Francis Bacon
The New Atlantis

by

Francis Bacon

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THE NEW ATLANTIS

BY SIR FRANCIS BACON

INTRODUCTORY NOTE

Bacon's literary executor, Dr. Rowley, published "The New Atlantis" in 1627, the year after the author's death. It seems to have been written about 1623, during that period of literary activity which followed Bacon's political fall. None of Bacon's writings gives in short apace so vivid a picture of his tastes and aspirations as this fragment of the plan of an ideal commonwealth. The generosity and enlightenment, the dignity and splendor, the piety and public spirit, of the inhabitants of Bensalem represent the ideal qualities which Bacon the statesman desired rather than hoped to see characteristic of his own country; and in Solomon's House we have Bacon the scientist indulging without restriction his prophetic vision of the future of human knowledge. No reader acquainted in any degree with the processes and results of modern scientific inquiry can fail to be struck by the numerous approximations made by Bacon's imagination to the actual achievements of modern times. The plan and organization of his great college lay down the main lines of the modern research university; and both in pure and applied science he anticipates a strikingly large number of recent inventions and discoveries. In still another way is "The New Atlantis" typical of Bacon's attitude. In spite of the enthusiastic and broad-minded schemes he laid down for the pursuit of truth, Bacon always had an eye to utility. The advancement of science which he sought was conceived by him as a means to a practical end the increase of man's control over nature, and the comfort and convenience of humanity. For pure metaphysics, or any form of abstract thinking that yielded no "fruit," he had little interest; and this leaning to the useful is shown in the practical applications of the discoveries made by the scholars of Solomon's House. Nor does the interest of the work stop here. It contains much, both in its political and in its scientific ideals, that we have as yet by no means achieved, but which contain valuable elements of suggestion and stimulus for the future.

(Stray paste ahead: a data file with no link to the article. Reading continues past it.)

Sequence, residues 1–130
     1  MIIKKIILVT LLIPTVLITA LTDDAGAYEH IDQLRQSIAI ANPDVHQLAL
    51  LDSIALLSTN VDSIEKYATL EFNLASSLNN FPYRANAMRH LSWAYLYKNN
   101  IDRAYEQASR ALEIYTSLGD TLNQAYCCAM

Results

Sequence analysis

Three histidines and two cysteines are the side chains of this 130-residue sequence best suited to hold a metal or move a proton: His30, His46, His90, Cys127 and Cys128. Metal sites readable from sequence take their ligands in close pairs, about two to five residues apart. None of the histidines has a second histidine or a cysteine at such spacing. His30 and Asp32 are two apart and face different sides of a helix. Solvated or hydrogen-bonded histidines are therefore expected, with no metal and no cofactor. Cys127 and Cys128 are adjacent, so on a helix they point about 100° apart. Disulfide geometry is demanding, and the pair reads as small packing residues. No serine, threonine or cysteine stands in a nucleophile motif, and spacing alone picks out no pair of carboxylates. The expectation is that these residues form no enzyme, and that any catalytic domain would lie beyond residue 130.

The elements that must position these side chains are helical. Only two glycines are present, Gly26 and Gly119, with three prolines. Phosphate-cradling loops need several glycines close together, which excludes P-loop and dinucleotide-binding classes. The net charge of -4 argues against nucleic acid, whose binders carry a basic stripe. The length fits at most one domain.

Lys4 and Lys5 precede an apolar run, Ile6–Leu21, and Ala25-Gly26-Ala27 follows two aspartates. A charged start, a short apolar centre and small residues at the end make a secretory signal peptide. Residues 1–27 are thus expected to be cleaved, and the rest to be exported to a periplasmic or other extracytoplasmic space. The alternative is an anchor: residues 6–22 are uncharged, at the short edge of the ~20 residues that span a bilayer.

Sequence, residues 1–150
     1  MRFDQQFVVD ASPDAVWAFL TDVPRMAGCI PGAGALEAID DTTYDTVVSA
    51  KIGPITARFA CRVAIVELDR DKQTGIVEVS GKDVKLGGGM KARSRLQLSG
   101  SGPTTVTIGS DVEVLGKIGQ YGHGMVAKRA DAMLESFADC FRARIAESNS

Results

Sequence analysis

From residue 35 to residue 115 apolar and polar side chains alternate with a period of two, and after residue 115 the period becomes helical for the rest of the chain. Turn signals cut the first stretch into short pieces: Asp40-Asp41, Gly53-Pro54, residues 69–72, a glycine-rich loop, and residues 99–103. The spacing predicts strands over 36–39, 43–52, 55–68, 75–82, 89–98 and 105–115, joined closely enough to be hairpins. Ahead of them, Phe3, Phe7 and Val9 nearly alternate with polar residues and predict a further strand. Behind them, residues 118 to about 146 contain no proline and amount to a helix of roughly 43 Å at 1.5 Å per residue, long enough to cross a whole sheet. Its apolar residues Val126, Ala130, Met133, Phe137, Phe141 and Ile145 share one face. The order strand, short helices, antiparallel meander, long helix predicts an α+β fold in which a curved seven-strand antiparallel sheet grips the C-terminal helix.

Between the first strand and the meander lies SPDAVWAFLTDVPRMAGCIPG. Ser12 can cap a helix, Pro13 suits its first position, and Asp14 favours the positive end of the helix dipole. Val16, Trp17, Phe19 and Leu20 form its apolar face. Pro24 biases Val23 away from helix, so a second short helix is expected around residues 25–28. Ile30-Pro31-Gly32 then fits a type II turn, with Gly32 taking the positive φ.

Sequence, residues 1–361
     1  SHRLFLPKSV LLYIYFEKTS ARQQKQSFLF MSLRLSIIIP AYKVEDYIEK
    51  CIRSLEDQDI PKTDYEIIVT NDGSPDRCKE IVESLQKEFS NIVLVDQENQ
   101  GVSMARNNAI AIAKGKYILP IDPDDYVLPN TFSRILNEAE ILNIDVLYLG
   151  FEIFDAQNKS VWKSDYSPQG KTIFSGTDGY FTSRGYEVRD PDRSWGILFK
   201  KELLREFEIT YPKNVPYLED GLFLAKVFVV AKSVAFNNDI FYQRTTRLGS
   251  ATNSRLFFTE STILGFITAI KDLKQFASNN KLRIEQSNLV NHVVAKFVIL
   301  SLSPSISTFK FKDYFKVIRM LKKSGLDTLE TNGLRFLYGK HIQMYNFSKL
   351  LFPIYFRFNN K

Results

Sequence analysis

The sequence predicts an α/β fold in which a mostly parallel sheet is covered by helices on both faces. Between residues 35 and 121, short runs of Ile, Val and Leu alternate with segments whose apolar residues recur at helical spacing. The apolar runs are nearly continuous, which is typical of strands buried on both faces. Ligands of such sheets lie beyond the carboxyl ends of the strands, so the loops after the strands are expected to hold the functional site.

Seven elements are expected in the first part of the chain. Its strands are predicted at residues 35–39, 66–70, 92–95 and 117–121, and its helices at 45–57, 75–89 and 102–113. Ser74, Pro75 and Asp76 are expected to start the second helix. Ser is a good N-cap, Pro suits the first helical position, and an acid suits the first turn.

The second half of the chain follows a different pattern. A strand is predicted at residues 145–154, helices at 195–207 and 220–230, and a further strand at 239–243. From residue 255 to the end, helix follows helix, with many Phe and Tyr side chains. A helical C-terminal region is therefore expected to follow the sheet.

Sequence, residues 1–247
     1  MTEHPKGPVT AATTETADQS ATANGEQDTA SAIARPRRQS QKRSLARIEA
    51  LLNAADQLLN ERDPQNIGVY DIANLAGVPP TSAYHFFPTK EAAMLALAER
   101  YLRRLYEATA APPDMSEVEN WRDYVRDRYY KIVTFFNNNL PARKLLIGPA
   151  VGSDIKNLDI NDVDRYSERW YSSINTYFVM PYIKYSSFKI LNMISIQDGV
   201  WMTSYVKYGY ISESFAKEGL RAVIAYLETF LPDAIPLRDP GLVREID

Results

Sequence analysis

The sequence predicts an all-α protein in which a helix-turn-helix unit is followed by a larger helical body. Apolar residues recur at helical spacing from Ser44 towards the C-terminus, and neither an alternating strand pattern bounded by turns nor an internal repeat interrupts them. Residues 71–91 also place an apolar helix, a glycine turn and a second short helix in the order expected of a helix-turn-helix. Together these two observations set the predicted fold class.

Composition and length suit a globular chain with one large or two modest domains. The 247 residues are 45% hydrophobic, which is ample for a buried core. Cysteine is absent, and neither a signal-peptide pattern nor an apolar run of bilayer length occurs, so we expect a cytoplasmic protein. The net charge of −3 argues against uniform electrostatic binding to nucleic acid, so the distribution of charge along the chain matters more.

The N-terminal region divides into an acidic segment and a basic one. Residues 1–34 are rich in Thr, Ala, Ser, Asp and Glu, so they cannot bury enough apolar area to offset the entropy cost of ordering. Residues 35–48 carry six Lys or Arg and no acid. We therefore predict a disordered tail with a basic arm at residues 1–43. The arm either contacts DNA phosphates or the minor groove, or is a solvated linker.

THE NEW ATLANTIS

We sailed from Peru, (where we had continued for the space of one whole year) for China and Japan, by the South Sea; taking with us victuals for twelve months; and had good winds from the east, though soft and weak, for five months space, and more. But the wind came about, and settled in the west for many days, so as we could make little or no way, and were sometime in purpose to turn back. But then again there arose strong and great winds from the south, with a point east, which carried us up (for all that we could do) towards the north; by which time our victuals failed us, though we had made good spare of them. So that finding ourselves, in the midst of the greatest wilderness of waters in the world, without victuals, we gave ourselves for lost men and prepared for death. Yet we did lift up our hearts and voices to God above, who showeth his wonders in the deep, beseeching him of his mercy, that as in the beginning he discovered the face of the deep, and brought forth dry land, so he would not discover land to us, that we might not perish.

And it came to pass that the next day about evening we saw within a kenning before us, towards the north, as it were thick clouds, which did put us in some hope of land; knowing how that part of the South Sea was utterly unknown; and might have islands, or continents, that hitherto were not come to light. Wherefore we bent our course thither, where we saw the appearance of land, all that night; and in the dawning of the next day, we might plainly discern that it was a land; flat to our sight, and full of boscage; which made it show the more dark. And after an hour and a half's sailing, we entered into a good haven, being the port of a fair city; not great indeed, but well built, and that gave a pleasant view from the sea: and we thinking every minute long, till we were on land, came close to the shore, and offered to land.

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Francis Bacon

16th Century Literature

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